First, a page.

Thursday, March 21, 2013

Top 3, Top 3’s from CSM 2013 (Part 2)

Continued from Top 3, Top 3 Lessons from CSM 2013 Part 1

Top 3 Ways to Improve Conference

I was given the opportunity to attend one of the APTA’s focus groups regarding the quality and future improvements of CSM. Here are the top three ways that my group felt the conference could be improved:

1. Speaker content vs. description vs. title congruency – This seemed to be one of the biggest complaints that the title of each sessions, the description, and the actual content consistently did NOT match. Additionally, there were complaints that the “intermediate” courses tended to be too research focused. Introduction and Methodology are all great – but we can read that on our own time. Please blow through the results and conclusion so we can discuss how to apply the research to our practices.

2. WALKING DISTANCE! The walking distance between Hilton hotel and the San Diego Convention Center was atrocious. I clocked the average walking time at 15 minutes depending on the floor you were trying to reach between either building – wasn't there more rooms available in the convention center itself? In any case, we did express this concern.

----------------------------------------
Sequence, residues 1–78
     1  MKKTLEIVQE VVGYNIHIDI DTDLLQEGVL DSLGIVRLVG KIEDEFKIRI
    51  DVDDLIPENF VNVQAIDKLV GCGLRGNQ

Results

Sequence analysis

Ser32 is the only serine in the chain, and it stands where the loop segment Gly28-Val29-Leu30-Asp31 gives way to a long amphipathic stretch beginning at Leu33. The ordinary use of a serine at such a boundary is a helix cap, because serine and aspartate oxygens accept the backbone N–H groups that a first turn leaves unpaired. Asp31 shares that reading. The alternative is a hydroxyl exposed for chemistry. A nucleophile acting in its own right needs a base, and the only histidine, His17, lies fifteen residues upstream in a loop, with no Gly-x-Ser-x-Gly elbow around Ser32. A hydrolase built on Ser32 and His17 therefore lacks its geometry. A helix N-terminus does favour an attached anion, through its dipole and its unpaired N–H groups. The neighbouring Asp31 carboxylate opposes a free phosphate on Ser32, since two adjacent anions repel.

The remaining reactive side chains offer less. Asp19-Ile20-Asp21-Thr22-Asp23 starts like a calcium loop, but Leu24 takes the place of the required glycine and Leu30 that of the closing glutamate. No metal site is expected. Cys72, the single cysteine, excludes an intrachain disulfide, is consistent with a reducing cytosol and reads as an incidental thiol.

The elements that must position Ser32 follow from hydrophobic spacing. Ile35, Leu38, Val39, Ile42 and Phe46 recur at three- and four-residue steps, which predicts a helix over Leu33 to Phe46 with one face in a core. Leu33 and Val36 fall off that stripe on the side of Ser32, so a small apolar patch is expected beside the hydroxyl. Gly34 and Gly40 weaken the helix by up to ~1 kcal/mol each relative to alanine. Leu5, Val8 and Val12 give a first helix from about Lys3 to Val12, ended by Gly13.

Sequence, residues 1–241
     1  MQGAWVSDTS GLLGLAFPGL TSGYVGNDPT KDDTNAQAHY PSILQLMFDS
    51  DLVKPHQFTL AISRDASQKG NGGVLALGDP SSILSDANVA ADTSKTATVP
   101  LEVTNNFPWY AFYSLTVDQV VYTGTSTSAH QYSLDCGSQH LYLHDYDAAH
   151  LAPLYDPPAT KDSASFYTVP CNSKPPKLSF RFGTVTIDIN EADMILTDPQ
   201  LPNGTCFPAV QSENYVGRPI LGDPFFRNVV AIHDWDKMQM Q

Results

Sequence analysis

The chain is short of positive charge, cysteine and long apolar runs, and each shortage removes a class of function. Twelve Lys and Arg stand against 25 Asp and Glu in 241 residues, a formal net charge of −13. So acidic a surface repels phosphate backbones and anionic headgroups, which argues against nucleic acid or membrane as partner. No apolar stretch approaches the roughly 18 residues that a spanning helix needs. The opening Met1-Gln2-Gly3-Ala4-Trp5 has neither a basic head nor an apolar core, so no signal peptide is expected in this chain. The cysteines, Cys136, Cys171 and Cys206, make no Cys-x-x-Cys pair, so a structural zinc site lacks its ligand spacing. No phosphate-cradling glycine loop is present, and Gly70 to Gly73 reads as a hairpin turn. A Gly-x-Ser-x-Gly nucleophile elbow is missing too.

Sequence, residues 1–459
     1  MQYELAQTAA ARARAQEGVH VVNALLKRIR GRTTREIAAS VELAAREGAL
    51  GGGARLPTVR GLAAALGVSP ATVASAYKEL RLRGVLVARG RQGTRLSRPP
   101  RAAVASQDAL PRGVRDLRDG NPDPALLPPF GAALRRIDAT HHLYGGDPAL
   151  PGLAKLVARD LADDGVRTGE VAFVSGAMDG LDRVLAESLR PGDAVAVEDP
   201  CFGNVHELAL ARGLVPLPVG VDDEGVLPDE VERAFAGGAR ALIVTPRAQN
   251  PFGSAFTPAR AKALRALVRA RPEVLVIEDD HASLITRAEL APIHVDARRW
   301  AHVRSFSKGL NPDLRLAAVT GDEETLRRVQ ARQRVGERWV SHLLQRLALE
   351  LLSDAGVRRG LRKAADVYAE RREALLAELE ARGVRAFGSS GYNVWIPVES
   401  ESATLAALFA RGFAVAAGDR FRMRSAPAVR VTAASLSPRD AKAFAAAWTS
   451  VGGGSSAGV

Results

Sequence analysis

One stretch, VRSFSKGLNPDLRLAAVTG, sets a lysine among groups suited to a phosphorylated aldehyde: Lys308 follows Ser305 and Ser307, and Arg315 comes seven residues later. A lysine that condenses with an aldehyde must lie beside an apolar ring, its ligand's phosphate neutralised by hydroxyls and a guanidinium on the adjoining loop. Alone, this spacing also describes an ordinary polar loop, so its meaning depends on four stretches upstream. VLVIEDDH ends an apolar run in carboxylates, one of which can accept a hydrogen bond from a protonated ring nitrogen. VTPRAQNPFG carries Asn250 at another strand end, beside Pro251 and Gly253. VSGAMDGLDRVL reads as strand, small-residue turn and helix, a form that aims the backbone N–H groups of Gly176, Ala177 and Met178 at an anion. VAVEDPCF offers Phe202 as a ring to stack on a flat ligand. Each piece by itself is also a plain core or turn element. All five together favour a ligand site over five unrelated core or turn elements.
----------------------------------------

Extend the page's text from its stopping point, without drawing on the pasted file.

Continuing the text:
3. Finally, the meager 2 hours for “uninterrupted” time dedicated to viewing the expo room. We all agreed: that 2 hour slot is TOO short! By the time everyone spent their 15 minutes getting out of the buildings, making way to the San Diego Gaslamp district, grabbed food, paid, and tried to hike it back to the convention center, you’d have MAYBE 45 minutes left to figure out which part of the expo hall you wanted to focus on. If you found something of interest and got into a deep discussion, your ENTIRE 45 minutes we spent right there at that one spot. We also mentioned in the focus group that topic specific and color coded regions of the expo hall would be helpful to add into the CSM program along with visual cues throughout the expo hall itself. 

Top 3, Top 3 Lessons from CSM 2013 – Afterword, Runner up's “Top Three, Threes”: